By now, employers are certainly well aware that on November 22, 2016, a federal judge in Texas issued a preliminary injunction that effectively prevented the implementation and enforcement of the new Department of Labor (“DOL”) regulations regarding the exemptions from overtime for bona fide executive, administrative, or professional (“EAP”) employees. See Nevada, et. al. v. U.S. Department of Labor, et. al., 218 F. Supp. 3d 520, 534 (E.D. Texas 2016). As we previously blogged, the November 22nd ruling was not final and was effective “pending further order” of the court.
That “further order” came on August 31, 2017, when the same federal judge who issued the November 22, 2016 order issued a final ruling concluding that the new regulation “is invalid.” The judge determined that Congress intended the EAP exemption to apply to employees who perform executive, administrative, or professional duties, and that the new regulation fails to carry out that intent because it improperly uses a salary-level test that effectively eliminates the “duties” test.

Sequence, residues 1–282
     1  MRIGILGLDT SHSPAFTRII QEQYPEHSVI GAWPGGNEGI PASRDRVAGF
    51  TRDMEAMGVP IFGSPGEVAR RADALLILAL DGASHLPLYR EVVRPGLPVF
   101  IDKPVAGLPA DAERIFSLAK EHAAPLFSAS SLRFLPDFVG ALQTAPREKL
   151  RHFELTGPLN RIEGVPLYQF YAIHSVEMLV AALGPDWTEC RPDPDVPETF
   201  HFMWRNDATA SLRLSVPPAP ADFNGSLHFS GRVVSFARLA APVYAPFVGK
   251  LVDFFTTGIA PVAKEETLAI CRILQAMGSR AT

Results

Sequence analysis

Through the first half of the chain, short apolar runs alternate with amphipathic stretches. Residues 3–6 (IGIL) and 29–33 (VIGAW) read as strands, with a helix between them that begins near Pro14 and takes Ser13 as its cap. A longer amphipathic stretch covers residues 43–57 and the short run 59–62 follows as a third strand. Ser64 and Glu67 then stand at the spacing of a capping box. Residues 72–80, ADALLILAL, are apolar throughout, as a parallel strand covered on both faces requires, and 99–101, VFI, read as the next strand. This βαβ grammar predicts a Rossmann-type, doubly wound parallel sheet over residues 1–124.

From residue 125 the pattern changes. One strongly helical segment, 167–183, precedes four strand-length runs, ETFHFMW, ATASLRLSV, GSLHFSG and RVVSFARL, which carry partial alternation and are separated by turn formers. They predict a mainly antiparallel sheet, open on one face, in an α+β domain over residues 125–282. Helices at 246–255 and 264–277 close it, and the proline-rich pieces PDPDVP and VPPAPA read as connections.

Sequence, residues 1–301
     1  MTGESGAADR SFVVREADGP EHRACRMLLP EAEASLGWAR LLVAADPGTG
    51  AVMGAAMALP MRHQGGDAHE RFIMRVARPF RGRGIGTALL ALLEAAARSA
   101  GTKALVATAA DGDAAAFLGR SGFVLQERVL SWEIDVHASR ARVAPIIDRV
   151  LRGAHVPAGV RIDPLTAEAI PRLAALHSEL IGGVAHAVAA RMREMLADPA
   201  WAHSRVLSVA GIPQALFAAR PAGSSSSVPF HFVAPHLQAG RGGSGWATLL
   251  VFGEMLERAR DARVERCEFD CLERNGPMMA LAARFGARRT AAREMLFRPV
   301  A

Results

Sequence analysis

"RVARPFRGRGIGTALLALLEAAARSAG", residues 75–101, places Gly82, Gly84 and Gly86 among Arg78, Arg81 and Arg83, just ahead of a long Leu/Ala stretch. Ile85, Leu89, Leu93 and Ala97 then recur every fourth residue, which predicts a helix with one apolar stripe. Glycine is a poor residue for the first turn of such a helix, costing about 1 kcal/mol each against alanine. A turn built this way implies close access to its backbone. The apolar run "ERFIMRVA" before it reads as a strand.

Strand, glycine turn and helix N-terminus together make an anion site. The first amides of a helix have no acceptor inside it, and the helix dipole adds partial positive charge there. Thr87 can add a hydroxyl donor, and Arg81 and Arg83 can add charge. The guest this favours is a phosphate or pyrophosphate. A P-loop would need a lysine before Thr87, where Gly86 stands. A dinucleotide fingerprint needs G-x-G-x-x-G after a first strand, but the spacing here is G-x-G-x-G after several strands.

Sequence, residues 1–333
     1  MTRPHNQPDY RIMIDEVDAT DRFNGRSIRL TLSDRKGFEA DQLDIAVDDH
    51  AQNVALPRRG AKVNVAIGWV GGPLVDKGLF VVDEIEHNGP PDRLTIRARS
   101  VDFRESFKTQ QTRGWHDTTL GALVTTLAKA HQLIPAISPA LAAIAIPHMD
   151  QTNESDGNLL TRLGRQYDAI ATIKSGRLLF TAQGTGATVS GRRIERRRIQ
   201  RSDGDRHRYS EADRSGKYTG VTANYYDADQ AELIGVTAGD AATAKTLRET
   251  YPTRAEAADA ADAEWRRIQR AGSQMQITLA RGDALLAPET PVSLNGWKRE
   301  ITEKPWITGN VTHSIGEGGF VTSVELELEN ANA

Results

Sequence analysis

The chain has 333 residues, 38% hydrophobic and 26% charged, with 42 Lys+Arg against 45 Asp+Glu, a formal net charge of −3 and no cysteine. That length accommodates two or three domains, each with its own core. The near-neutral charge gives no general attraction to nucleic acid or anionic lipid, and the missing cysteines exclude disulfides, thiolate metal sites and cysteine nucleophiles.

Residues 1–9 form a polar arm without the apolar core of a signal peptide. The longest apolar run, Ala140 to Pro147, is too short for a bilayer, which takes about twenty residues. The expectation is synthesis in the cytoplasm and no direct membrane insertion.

It should be noted that the November 22, 2016 ruling is still on appeal with the Fifth Circuit, and the August 31, 2017 ruling is also subject to being appealed. However, the DOL has indicated that it does not intend to pursue the salary level of $913 per week that was a part of the new regulation. As noted in our blog post dated July 26, 2017, the DOL has requested notice and comment before issuing a revised proposed regulation. It will be interesting to see how the court’s treatment of the duties test in the August 31, 2017 ruling impacts the DOL’s revised proposed regulation regarding the EAP exemption.